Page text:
The only case I can recall was a person submitting an issue on the Ansible tracker and unticking the checkbox right after creation. I asked them why they did that and the answer was something along the lines of “I don’t know English very well, I cannot agree with something I don’t fully understand and I haven’t read it” (that is as I recall it, I can’t seem to find the specific issue on GitHub at the moment). The person didn’t misbehave IIRC so we didn’t do anything about that, I think.
FWIW the fact that an issue submitter is forced to tick the checkbox is making them more aware of the existence of the CoC which is also linked there allowing them to read it. I think that this sort of transparency may contribute to their understanding of the expectations, even if they chose not to read the CoC itself.
Hi all. I’m the person who explicitly refused to agree to follow the CoC.
I’m not a native English speaker nor a US citizen or resident, and I simply have no idea what are the full legal implications of clicking a checkbox to “agree” or “agree to follow” something. I hope you understand it would not be wise for me to follow words or advise about such meaning from any of you (you are not lawyers, right?), and I hope you will understand it is unreasonable to spend money hiring a lawyer to get proper legal advice. Moreover, I believe the act of “agreeing to follow” is totally inconsequential, so then what’s the point of asking for agreement? I’m acting in good faith, submitting an issue as a user, so I’m not even a contributor, nor pretending to become one! Should I really be forced to “agree” on things just to submit an issue? If the true intentions are awareness, can’t you just change the wording to something much simpler like “I have read the CoC”?
This is not the first time I had related troubles. I’ve been asked more than once to sign contributor agreements and things like that. Well, I’ve always refused, and had to trash some useful work as as consequence. Why? Because I’m 100% discomfortable with signing and agreeing to stuff without proper legal advice. And I do my FOSS work for free, it will be unfair to have to spend even more resources (time understanding legal stuff, money in lawyers, etc.) to make a contribution.
Thanks Lisandro for explaining your perspective. I do sympathize with that perspective, and I wish to make contributions to OSS, including filing bug reports, as low friction as possible. And the perception of a legal encumbrance, real or merely perceived, is friction. Even the mere mechanics of checking the box for each report submission and ignoring the “task” that creates is extra friction.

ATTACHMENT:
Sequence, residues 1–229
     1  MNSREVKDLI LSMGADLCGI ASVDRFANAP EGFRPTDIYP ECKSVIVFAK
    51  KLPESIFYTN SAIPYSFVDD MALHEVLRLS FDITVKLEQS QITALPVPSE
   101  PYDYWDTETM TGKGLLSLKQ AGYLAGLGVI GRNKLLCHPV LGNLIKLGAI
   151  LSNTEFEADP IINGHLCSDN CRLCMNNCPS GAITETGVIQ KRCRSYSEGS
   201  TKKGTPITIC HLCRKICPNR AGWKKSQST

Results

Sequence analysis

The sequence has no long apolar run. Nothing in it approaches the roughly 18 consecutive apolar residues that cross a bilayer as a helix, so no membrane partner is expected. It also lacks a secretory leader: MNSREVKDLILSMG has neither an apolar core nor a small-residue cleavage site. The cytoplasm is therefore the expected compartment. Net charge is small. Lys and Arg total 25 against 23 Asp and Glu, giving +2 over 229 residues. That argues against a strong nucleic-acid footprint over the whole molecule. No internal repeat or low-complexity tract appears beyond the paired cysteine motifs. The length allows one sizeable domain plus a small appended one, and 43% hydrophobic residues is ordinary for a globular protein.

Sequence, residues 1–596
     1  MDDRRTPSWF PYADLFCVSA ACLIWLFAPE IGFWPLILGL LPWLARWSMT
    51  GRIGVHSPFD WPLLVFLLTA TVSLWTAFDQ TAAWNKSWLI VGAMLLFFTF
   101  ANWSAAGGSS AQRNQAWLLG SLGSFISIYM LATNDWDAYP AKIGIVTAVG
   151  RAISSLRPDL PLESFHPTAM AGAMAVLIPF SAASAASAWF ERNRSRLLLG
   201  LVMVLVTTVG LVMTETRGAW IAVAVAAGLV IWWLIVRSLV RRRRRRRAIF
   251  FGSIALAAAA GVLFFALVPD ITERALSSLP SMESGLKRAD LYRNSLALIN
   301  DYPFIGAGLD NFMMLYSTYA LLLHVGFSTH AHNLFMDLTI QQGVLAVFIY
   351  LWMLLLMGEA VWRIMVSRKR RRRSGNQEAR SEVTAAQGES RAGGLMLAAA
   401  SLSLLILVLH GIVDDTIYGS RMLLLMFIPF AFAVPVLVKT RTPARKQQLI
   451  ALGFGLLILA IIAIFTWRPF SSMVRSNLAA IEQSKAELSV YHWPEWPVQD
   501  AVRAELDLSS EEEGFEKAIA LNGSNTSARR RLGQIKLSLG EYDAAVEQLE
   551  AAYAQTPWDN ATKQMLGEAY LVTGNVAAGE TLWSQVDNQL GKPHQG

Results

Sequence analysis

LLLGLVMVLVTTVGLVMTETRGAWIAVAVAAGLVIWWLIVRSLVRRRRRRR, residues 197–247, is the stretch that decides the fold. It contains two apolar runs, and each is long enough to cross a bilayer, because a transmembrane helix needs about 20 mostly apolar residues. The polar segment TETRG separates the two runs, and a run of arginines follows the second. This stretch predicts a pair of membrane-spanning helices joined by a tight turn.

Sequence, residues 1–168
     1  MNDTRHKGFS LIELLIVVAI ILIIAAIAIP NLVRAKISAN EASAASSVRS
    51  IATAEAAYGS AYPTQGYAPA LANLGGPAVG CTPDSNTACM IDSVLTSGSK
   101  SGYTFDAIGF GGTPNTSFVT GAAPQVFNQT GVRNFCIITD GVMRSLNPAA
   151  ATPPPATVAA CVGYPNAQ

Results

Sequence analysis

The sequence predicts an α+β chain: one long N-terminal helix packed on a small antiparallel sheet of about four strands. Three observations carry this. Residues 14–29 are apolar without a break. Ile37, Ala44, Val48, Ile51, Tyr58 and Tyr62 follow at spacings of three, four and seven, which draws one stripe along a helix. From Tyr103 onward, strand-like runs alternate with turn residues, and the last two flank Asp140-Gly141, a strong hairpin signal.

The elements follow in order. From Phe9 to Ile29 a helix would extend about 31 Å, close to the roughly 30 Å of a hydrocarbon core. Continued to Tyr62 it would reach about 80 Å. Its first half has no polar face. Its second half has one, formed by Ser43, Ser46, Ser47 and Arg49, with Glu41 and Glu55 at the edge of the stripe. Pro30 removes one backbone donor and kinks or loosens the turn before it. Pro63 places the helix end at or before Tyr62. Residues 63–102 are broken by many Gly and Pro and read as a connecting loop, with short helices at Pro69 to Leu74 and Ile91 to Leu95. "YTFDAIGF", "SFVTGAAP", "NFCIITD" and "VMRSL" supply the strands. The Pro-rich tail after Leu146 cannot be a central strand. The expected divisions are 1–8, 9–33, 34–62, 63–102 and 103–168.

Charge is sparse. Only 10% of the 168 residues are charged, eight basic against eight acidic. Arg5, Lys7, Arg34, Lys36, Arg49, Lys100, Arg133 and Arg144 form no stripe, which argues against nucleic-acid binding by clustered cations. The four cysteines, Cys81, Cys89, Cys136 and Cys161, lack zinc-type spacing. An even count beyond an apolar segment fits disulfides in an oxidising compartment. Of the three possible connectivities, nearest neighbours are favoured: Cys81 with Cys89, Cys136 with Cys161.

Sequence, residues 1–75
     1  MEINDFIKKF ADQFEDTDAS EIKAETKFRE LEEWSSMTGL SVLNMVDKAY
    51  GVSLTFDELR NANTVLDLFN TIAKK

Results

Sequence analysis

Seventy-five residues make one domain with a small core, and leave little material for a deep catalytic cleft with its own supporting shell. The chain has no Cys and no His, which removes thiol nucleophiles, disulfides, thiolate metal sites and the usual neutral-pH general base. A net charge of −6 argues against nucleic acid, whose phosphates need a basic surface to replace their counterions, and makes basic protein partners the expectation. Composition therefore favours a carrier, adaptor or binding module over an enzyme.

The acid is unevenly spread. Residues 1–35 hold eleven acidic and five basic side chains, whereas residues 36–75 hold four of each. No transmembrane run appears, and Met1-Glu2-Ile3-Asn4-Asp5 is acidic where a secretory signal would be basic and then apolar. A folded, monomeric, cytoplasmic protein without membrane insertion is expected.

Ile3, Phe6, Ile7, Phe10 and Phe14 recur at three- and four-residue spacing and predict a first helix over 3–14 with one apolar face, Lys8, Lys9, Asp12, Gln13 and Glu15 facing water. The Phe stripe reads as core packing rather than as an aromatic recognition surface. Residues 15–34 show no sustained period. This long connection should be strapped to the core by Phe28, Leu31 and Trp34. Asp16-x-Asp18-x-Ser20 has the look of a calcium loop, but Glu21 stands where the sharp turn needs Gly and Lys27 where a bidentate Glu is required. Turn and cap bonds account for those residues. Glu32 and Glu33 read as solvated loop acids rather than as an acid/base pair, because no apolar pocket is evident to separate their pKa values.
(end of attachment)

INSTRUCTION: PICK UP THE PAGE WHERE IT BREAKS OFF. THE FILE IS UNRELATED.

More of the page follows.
I understand also the incentive to try to bootstrap each potential contributor with a baseline expectation about the project.
Thanks everyone for the feedback and information. Based on everything, I’m inclined to simplify the process by removing the checkbox and replace it by a comment or maybe rely on the expectation established by Github and the advertised Code of Conduct artifact.
Maybe someone else wants to clarify, but I don’t think there are legal consequences of not following the CoC? However, there are social consequences. That’s why projects can adopt and enforce CoC without having lawyers by their side. They are social rules, not legal rules. But maybe I’m in a huge misunderstanding here, if so I’d love to be corrected.
As @quantzur has already hinted, folks are expected to follow CoCs, and the consequences of not doing so are explained in the CoC itself. Similarly, I haven’t read GitHub Terms of Service (no, I haven’t), but if I do (unknowingly) something that goes against them, then I will have to face consequences. Since I act in good faith, there’s a 99.9 % chance that I will never experience such consequences, and so I will probably never read the GH ToS.
(I do, however, read CoCs, first because they are shorter and in a language that I can understand, and second because they signal what social issues are important for the project.)
In any case, even though the GitHub warning is a bit small and easy to miss, I think removing the checkbox as @jaraco did at least remove one meaningless decision point for the user, which is expected to follow the CoC no matter if they like it or not, and no matter if they have read it or not.
Correct. Signing up for an account here includes a blurb stating that you are expected to follow the PSF CoC.
Exactly. It prevents people from claiming ignorance about how one should act simply because “I didn’t notice that bit of text”.
Sure, but people have been more-or-less trained online to breeze passed text and ignoring it. By asking you to click a box acknowledging you are aware there’s a CoC then there’s no feigning ignorance later (which I have seen happen). It also lets those folks who don’t like CoCs know that this project is most likely one they do not want to participate in.